How to reduce the risk of heart attack and stroke: excerpts of an interview with Christian Heesch

We recently discussed with Christian Heesch, internist and cardiovascular specialist, ways to reduce the risk of suffering a heart attack or stroke later in life. Here is the essence of what we were told:

“Risk factor modification to reduce the chance of a heart attack or stroke later in life should begin as early as possible”, Christian Heesch told us. “In fact, a healthy diet, and healthy exercise habits will benefit not only the heart, my well prevent multiple other conditions that are caused or exacerbated by lack of exercise and the typical American diet.”

“Exercise should be aerobic exercise to be helpful for cardiovascular risk reduction. Exercising four to five times a week, 45 minutes at a time, is quite helpful in that regard. Obviously, those who are elderly and those who have chronic health conditions should check with their physicians whether they can begin an exercise program. In certain situations, a stress test might be advisable before any vigorous exercise program is begun”, Christian Heesch continued.

“Dietary efforts are helpful if they are maintained long term. Too many of us make enthusiastic changes to our diets that last only a few days, with subsequent resumption of a typical American diet. If our efforts are not sustained, they are unlikely to provide much benefit”, Christian Heesch told us. “Fruits and vegetable should be the basis of any health conscious diet, with very little meat consumption. Processed foods are often problematic. Fish, especially salt water fish, three to four times a week, is an excellent addition”, Christian Heesch pointed out. “Further, it is important to note that special dietary requirements apply to pregnant women, so, they should check with their physicians to see what dietary modifications they may have to make. “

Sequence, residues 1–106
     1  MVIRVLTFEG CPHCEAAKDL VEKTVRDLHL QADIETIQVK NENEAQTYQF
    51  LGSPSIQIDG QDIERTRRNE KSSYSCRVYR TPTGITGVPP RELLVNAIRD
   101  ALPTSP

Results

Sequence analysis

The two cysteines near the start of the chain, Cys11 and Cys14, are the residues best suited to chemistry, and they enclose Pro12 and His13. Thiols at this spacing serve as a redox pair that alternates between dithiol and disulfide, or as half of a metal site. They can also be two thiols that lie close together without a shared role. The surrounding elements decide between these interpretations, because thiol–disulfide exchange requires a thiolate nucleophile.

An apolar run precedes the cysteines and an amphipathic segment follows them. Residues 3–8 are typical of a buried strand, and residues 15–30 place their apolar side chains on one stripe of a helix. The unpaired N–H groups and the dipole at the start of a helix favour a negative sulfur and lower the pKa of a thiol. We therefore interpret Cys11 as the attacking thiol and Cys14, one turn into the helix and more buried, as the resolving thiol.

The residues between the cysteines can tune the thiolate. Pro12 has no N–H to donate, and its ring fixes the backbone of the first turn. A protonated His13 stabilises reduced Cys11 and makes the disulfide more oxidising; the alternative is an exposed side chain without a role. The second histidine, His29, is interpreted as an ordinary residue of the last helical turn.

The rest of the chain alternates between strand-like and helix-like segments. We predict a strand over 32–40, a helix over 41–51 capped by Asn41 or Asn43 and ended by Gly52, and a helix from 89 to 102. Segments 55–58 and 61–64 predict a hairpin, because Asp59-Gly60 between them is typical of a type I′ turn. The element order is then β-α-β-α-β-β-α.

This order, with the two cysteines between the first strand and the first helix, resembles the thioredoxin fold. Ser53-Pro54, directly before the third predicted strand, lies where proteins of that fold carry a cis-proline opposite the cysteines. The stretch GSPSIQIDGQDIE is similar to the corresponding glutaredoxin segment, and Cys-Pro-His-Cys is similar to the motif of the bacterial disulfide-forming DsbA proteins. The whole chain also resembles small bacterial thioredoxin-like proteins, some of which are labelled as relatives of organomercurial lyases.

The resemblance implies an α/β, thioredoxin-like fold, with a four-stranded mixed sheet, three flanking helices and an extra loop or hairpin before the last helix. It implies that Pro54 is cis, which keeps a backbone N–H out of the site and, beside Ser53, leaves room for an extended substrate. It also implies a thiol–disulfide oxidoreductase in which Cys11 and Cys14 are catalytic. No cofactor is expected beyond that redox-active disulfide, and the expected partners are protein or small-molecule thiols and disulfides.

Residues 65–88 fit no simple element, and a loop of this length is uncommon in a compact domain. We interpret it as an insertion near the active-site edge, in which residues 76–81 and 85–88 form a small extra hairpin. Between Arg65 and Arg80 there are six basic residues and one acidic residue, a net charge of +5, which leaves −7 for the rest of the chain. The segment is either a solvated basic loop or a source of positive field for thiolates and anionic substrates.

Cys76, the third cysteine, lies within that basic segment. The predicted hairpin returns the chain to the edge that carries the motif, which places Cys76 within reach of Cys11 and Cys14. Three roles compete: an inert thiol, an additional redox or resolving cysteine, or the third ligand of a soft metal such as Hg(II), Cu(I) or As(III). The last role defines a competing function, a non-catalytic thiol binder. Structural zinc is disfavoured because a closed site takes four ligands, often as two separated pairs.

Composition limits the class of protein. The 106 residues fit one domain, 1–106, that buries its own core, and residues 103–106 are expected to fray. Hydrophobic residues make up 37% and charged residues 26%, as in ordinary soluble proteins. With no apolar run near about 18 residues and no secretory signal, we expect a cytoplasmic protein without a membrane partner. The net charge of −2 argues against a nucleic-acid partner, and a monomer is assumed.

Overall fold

“Blood pressure problems, obesity, and diabetes need to be under adequate control. While exercise and dietary modifications are important, medication can also be helpful, especially if cholesterol problems are part of the picture”, Christian Heesch added. “Once again, the personal physician that is aware of our individual medical background is the right person to advise us what changes in our medical regimen may have to be made to keep our overall risk of heart attack and stroke as low as possible. Prevention is better than treatment, but for it to be successful, it needs to start early, and be a sustained effort”, Christian Heesch concluded.